Since 1991, the Wittingen Cultural Association and the town of Wittingen have organised the art symposium International Workshop Week every two years in the idyllic village of Lüben. Look over the artists’ shoulders and be inspired by the works of art.
The village of Lüben, first mentioned in a document in 956, is part the city of Wittingen
and has around 110 inhabitants. Since 1911 the Lübener Tenne (Lüben 1, 29378 Wittingen) has been its center, an old inn complete with restaurant, a beer garden, a big garden with play equipment for children and various rooms in historical settings. This is where the artists eat and meet during the International Workshops. They also work here, in the village or in the surrounding countryside. During the week it is possible pay a visit to the artists and have a firsthand look at the creative processes.
On the final weekend, the resulting artwork will be shown on Saturday from 4 p.m. and all day on Sunday throughout the village. In the village there are still functioning farmsteads, a village museum with a pottery, spinning and beekeeping workshops as well as an educational forest trail. The area around the village is ideal for cycling trips. The city of Wittingen is approx. 7 km. The village does not offer overnight accommodations (to find those, see City of Wittingen). The artists and the team of Lübener Tenne are looking forward to your visit!
The shoemaker town of Wittingen was mentioned for the first time in a document from 781.According to a census list from 1864, 63 shoemakers lived in Wittingen that year. Today 26 city-parts, mostly independent villages, separated by extensive forests and fields, form the city of Wittingen with 11,500 inhabitants, of which approx. 5,000 live in the core city. The romanesque St. Stephen‘s Church from around 1250 is located on the market square. Other sights are the Junkerhof from the 16th century, which was reconstructed and relocated at the end of the 20th century, and the Kreyenberg house from 1640. The private brewery Wittingen, which was founded in 1429, also has it’s ancestral building at the market square.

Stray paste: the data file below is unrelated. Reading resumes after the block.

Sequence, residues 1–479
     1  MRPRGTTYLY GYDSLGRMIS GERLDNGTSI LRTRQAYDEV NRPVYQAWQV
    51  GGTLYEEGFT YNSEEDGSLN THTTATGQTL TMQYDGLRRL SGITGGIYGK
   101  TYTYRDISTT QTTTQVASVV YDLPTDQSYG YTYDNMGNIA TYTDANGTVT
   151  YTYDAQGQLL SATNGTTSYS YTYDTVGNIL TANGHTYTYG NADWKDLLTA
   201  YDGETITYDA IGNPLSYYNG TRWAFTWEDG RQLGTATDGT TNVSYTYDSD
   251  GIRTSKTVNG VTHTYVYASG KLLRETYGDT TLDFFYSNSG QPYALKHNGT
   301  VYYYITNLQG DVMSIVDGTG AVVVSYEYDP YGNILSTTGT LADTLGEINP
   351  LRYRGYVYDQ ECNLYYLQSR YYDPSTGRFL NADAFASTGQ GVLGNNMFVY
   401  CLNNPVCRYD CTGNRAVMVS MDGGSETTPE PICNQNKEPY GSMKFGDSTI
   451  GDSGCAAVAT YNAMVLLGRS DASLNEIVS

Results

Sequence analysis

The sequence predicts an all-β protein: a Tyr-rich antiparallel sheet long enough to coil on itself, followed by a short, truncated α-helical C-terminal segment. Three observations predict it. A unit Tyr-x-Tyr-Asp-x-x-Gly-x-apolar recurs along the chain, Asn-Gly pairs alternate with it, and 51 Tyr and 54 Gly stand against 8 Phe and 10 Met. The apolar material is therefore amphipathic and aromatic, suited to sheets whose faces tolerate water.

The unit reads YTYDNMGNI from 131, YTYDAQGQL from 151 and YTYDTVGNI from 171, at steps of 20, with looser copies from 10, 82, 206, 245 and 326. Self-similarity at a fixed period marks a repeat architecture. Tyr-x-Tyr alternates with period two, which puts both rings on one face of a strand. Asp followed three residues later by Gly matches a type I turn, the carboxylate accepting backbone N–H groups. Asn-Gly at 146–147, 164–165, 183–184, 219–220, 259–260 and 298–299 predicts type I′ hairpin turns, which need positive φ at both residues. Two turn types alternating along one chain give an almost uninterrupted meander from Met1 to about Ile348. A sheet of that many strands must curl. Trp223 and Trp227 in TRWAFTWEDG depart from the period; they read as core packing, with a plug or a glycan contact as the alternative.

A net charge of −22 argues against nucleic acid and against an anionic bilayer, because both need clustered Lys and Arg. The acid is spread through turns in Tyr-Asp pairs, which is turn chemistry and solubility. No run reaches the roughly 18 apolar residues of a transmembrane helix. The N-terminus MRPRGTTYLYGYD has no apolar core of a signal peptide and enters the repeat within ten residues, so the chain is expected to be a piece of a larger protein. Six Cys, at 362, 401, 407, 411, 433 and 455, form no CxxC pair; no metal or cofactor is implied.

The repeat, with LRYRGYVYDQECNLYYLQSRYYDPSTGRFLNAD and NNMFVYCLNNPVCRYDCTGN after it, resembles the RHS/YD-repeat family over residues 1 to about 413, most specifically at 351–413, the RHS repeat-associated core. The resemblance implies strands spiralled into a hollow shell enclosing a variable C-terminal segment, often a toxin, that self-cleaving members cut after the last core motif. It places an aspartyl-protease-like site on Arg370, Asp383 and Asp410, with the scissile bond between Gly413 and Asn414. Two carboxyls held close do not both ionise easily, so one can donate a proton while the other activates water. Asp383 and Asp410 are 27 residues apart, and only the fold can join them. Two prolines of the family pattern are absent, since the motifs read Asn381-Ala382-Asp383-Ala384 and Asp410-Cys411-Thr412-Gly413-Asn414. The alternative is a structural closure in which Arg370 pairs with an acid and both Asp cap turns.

Isenhagen Abbey was founded by the Cistercian order; today it’s a Lutheran abbey, located in Hankensbüttel. Abbey Isenhagen, one of six “Heath abbeys“, was founded in 1243 as a monk’s abbey in Alt-Isenhagen, ca. 3 kilometer east. After burning down it was rebuilt as a nunnery; 1327 it was relocated to it’s present-day site. During the reformation in 1540 the nunnery was converted into a Lutheran women‘s convent by duke Ernest the Confessor. As the abbey is inhabited, it can only be visited during guided tours. The convent chapel, the abbey museum with its many treasures, the cloisters and the abbey garden are worth seeing. The Otterzentrum Hankensbüttel, a nature experience centre, is in the immediate vicinity and can be reached by foot.
The Open-air Museum Diesdorf is one of the oldest open-air museums in Germany; it was established in 1911.More than 20 Living and farm buildings as well as farm gardens are on the display in Open-air Museum Diesdorf on an area of 6 hectare. For instance, you can visit several typical Low German houses, barns, gatehouses, a forge, a village school and a post mill.